• Use roadblock maps - Roadblock maps should be used so the flow of construction can be compared to where roadblocks may impact the flow. It is not enough to see roadblocks on a schedule. We must also see roadblocks geographically or by zone on a plan view. Roadblock Tracking Maps track the progress of each room per the Takt plan and also show how roadblocks could effect progressing work. These maps should be used in Trade Partner Weekly Tacticals and Afternoon Foreman Huddles.

    • Remove roadblocks - The project team must focus on the identification and removal of roadblocks every day as their first priority. The senior super and PM must be fanatically addicted to this, and each team member should be enabled to remove roadblocks as far in advance as possible. This will do more to create flow than almost anything else you can do.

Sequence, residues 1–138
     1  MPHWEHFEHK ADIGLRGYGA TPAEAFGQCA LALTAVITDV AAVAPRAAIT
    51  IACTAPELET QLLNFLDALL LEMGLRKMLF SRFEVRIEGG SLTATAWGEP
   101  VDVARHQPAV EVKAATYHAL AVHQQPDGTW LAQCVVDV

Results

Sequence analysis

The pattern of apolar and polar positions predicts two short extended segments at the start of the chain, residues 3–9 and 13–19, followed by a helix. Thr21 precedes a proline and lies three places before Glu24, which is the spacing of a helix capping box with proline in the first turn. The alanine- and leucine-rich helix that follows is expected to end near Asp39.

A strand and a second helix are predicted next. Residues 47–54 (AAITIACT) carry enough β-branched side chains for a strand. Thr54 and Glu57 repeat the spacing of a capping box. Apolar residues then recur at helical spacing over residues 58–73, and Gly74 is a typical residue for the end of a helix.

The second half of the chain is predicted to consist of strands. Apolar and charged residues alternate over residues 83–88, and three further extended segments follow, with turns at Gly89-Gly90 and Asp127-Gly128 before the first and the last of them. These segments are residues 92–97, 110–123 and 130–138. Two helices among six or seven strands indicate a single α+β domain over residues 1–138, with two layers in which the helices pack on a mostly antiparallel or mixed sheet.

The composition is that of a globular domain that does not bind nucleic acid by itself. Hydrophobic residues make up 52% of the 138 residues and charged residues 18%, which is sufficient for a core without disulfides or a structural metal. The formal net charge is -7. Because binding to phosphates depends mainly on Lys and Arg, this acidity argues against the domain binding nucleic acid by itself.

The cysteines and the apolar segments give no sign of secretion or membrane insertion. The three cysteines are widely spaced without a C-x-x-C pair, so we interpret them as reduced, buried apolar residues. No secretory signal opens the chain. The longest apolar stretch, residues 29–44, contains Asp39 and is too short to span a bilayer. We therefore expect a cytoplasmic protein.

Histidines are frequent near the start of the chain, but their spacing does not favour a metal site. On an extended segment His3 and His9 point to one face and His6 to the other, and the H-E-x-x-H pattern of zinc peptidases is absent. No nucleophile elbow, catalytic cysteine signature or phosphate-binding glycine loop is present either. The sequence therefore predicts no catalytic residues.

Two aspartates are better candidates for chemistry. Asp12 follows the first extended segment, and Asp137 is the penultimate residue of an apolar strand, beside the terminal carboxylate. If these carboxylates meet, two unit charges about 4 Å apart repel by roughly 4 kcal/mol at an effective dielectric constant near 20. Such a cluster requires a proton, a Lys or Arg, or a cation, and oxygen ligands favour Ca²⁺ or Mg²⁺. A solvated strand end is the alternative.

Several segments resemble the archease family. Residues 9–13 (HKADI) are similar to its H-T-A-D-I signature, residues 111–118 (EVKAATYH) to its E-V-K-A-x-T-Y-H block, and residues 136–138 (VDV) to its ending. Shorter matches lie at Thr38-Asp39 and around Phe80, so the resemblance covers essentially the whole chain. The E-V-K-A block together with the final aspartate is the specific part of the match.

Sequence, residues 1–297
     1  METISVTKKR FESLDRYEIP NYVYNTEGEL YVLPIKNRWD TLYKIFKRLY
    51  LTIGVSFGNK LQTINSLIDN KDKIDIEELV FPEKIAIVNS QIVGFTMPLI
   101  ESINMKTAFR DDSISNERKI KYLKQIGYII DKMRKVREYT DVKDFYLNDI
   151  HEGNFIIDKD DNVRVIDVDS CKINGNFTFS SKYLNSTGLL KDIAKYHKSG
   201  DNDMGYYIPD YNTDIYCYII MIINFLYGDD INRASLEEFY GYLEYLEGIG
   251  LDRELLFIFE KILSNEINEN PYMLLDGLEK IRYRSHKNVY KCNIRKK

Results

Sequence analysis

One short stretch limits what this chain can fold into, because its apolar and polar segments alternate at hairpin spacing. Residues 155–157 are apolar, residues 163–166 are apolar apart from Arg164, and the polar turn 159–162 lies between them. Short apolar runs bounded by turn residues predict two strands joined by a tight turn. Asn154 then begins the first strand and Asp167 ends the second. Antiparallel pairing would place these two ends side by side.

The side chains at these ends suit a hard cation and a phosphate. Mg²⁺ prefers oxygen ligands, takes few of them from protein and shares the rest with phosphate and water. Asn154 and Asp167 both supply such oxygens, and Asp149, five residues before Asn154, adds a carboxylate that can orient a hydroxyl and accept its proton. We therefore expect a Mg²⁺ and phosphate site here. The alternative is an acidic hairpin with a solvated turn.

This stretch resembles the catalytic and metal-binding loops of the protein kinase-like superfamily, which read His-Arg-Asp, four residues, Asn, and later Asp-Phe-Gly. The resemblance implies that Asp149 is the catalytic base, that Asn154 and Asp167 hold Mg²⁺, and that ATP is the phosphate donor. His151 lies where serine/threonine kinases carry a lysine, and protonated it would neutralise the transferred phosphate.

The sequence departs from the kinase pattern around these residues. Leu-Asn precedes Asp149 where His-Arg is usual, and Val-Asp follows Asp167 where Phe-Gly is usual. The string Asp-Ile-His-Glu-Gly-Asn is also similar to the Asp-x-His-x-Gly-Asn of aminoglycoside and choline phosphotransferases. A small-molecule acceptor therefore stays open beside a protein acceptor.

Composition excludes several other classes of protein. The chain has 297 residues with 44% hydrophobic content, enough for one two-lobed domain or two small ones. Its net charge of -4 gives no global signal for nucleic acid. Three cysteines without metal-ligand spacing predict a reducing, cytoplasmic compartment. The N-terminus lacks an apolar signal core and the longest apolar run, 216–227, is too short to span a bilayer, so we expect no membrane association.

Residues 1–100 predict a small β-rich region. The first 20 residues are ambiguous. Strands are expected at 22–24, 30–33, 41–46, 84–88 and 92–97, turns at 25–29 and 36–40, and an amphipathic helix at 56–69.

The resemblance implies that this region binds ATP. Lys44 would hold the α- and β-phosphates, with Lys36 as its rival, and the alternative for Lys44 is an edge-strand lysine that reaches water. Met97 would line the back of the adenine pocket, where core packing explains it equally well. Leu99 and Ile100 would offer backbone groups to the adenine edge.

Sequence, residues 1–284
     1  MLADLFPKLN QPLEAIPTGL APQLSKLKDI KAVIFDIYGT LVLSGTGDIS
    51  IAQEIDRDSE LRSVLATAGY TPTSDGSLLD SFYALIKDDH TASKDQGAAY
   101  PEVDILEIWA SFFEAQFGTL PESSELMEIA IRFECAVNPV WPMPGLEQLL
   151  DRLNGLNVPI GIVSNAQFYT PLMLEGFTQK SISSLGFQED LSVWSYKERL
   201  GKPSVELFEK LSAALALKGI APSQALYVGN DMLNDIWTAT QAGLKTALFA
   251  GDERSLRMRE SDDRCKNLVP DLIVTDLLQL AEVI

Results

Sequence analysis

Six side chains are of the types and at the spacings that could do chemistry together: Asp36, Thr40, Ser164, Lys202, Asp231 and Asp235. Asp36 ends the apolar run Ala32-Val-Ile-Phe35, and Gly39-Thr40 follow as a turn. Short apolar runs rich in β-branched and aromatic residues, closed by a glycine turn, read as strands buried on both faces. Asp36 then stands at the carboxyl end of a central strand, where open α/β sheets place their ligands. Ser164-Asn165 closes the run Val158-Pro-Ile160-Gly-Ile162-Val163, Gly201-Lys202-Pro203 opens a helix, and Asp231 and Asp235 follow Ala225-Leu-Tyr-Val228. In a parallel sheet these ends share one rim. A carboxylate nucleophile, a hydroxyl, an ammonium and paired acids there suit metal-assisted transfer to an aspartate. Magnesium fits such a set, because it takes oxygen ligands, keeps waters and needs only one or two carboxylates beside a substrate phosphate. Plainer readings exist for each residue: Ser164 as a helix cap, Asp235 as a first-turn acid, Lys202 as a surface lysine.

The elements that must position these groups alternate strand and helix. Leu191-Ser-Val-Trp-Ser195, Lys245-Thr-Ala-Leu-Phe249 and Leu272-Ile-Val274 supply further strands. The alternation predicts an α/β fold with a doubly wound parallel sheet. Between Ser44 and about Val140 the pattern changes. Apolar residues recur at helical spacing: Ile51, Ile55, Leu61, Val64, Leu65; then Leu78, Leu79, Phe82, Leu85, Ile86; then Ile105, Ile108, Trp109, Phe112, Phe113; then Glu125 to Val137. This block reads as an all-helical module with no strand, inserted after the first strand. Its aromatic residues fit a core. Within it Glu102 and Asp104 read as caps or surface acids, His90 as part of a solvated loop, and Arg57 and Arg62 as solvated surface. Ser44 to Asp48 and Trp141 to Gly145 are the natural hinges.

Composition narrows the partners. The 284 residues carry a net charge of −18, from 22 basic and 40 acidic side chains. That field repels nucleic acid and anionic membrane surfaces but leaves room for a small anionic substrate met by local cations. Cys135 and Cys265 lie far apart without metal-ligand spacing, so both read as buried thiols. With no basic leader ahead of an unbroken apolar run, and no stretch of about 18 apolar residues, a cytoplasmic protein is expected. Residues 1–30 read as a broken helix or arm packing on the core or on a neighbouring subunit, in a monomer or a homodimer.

• Quality Product:

    • Quality at the source - Work must be installed right the first time. It can take at least twice as long to fix something as to install it right the first time. Additionally, it can cost 4 to 12 times the original cost. That is to say the least. There is also an impact on the team and their capacity. Rework will do more to slow down and interrupt production and flow than anything else we encounter. We must install work right from the start. Your quality system is not a quality system, it is a flow system. If we can get quality right, we can flow.

    • Finish as you go - Scopes of work must be finished before demobilizing areas. The Takt system only truly works when processes are finished as trades progress through the building. Just like re-work can interrupt flow, unfinished areas that trades need to come back to can interrupt flow. Takt only works when we prepare by removing roadblocks, install it right, and finish as we go.